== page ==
Another result of this analysis is that it will take over 50 percent more power (309W vs. 200W) to pedal a SuperSix EVO down a 5-percent grade at 60.6kph than a SystemSix. On the face of it, this seems improbable, but the downhill grade is the key to understanding where this number comes from. I asked Barry about this, to which he answered, “As you pointed out, whilst the drag reduction on the bike is approximately a third, with the rider the drag reduction is closer to 10% of the total. So where does this very high number come from? On a descent at 60 km/h, the aerodynamic resistance is very high, over 900W in our example. But because of the negative gradient (a descent), the mass of the rider and the bike are contributing to acceleration down the slope (a thrust force). This decrease in potential energy offsets much of the aerodynamic drag; this is why we descend so fast without much pedal input. So in our example, the PE [potential energy] term is contributing about 700W of thrust, which is opposing the aerodynamic resistance in this case. Because mass is close to the same, the PE term is similar, but the drag difference at 60km/h is very high, about 100W. This is why you can achieve such a huge margin on a descent.” If this calculation holds true on the road, it is the kind of thing that could make a big difference for a team putting its riders on the front to chase down breakaways.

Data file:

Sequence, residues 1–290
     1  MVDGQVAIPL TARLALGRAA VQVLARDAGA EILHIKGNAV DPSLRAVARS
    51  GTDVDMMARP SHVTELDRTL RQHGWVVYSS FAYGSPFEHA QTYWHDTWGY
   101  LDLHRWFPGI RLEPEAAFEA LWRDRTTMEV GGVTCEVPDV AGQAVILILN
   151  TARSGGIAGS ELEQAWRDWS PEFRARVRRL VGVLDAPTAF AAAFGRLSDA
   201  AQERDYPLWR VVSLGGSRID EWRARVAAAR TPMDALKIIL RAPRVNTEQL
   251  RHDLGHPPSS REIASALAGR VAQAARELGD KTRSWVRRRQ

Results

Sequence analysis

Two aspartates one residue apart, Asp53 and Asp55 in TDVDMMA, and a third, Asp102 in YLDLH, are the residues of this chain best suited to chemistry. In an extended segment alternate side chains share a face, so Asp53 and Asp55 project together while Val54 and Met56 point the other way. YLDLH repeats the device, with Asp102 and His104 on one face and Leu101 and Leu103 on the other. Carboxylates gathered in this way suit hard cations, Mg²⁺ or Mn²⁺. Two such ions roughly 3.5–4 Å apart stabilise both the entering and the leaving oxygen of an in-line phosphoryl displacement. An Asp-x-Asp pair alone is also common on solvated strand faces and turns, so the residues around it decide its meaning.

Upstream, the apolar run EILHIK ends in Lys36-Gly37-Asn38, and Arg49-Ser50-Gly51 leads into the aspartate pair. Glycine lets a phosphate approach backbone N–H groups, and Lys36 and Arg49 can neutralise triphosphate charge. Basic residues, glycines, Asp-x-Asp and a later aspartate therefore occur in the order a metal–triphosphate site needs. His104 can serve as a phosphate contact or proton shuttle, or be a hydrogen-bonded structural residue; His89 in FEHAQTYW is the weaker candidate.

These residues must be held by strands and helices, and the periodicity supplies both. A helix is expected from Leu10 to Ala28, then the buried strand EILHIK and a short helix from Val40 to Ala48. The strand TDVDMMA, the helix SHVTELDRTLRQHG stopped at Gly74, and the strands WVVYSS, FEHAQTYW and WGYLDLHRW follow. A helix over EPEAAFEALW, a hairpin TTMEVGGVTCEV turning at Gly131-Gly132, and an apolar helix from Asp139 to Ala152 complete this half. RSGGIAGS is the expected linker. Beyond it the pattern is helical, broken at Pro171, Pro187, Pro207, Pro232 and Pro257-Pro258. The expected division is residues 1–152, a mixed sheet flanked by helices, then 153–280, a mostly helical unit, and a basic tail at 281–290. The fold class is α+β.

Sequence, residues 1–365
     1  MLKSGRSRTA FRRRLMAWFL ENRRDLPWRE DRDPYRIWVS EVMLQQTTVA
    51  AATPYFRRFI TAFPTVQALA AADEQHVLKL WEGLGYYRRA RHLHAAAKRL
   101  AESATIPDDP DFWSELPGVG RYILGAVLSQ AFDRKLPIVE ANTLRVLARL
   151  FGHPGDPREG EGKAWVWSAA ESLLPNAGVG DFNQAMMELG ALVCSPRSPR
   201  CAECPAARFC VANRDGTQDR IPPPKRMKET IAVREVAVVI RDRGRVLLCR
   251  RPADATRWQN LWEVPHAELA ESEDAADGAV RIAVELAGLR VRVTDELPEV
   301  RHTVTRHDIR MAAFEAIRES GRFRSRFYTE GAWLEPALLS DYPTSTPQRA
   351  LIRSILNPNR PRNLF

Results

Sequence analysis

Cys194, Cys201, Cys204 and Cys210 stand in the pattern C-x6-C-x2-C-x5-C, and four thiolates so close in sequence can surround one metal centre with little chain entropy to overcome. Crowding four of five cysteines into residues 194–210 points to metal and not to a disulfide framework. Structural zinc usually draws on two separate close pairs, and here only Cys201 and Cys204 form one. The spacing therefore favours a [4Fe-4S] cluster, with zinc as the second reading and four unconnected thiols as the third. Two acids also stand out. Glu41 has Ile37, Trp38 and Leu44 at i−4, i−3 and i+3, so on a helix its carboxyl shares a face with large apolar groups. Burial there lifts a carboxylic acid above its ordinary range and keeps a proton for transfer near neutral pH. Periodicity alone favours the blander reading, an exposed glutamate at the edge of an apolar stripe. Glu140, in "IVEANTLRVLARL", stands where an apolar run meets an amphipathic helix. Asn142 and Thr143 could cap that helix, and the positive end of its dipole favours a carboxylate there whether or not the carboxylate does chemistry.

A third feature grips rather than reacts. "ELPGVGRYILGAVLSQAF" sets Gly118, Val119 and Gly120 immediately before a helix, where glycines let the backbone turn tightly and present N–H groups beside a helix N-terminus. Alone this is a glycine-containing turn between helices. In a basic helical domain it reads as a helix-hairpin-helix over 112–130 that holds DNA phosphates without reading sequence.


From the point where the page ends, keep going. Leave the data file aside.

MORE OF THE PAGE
Using the power equation incorporating total drag forces on a cyclist (wind drag, gravity, acceleration, and frictional losses in bearings, drivetrain, and tires) that University of Utah professor Jim Martin came up with decades ago, Barry calculates that above 15kph (9.3mph), aerodynamic drag accounts for the majority of the resistance a cyclist faces. Cannondale claims that going uphill, a one-kilo lighter, non-aero, climbing bike like the SuperSix EVO is only faster once the grade gets above six percent, and for the faster-climbing pros, that break-even point is at a 7-percent grade. While Tour de France Hors Categorie climbs certainly have sections with grades well beyond these numbers, Cannondale says that “most revered HC climbs in the Tour only average 7-8%.” Barry’s analysis shows a top rider losing 10 seconds on l’Alpe d’Huez to a rider on the lighter SuperSix EVO, yet he will have saved so much energy over the rest of the stage versus that bike that he still might come out faster overall on a SystemSix.